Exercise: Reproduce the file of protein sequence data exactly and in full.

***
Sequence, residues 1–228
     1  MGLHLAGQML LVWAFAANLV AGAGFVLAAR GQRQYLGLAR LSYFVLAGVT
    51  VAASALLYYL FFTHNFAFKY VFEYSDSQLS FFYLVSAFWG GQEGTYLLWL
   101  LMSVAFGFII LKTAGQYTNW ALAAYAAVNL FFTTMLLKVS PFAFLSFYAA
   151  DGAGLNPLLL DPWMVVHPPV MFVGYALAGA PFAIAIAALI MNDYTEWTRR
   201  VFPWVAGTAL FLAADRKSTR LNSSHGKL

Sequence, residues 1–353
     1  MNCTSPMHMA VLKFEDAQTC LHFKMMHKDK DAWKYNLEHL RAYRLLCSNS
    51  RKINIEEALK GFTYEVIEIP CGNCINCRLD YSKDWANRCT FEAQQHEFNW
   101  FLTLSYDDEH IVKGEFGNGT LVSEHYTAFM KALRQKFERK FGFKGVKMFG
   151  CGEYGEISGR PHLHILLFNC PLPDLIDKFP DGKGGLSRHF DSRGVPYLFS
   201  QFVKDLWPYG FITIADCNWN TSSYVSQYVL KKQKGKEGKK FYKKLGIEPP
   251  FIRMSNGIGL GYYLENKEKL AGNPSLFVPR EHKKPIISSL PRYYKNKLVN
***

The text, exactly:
Sequence, residues 1–228
     1  MGLHLAGQML LVWAFAANLV AGAGFVLAAR GQRQYLGLAR LSYFVLAGVT
    51  VAASALLYYL FFTHNFAFKY VFEYSDSQLS FFYLVSAFWG GQEGTYLLWL
   101  LMSVAFGFII LKTAGQYTNW ALAAYAAVNL FFTTMLLKVS PFAFLSFYAA
   151  DGAGLNPLLL DPWMVVHPPV MFVGYALAGA PFAIAIAALI MNDYTEWTRR
   201  VFPWVAGTAL FLAADRKSTR LNSSHGKL

Sequence, residues 1–353
     1  MNCTSPMHMA VLKFEDAQTC LHFKMMHKDK DAWKYNLEHL RAYRLLCSNS
    51  RKINIEEALK GFTYEVIEIP CGNCINCRLD YSKDWANRCT FEAQQHEFNW
   101  FLTLSYDDEH IVKGEFGNGT LVSEHYTAFM KALRQKFERK FGFKGVKMFG
   151  CGEYGEISGR PHLHILLFNC PLPDLIDKFP DGKGGLSRHF DSRGVPYLFS
   201  QFVKDLWPYG FITIADCNWN TSSYVSQYVL KKQKGKEGKK FYKKLGIEPP
   251  FIRMSNGIGL GYYLENKEKL AGNPSLFVPR EHKKPIISSL PRYYKNKLVN